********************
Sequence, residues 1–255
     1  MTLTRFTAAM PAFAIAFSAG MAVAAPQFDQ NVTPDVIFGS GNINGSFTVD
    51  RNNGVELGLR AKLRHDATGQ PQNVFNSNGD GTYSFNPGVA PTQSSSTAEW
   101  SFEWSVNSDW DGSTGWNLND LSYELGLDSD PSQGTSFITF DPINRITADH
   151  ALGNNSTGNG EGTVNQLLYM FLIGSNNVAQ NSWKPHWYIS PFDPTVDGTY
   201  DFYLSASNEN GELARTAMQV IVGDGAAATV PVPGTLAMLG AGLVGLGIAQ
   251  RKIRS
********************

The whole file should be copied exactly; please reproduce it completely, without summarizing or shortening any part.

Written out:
Sequence, residues 1–255
     1  MTLTRFTAAM PAFAIAFSAG MAVAAPQFDQ NVTPDVIFGS GNINGSFTVD
    51  RNNGVELGLR AKLRHDATGQ PQNVFNSNGD GTYSFNPGVA PTQSSSTAEW
   101  SFEWSVNSDW DGSTGWNLND LSYELGLDSD PSQGTSFITF DPINRITADH
   151  ALGNNSTGNG EGTVNQLLYM FLIGSNNVAQ NSWKPHWYIS PFDPTVDGTY
   201  DFYLSASNEN GELARTAMQV IVGDGAAATV PVPGTLAMLG AGLVGLGIAQ
   251  RKIRS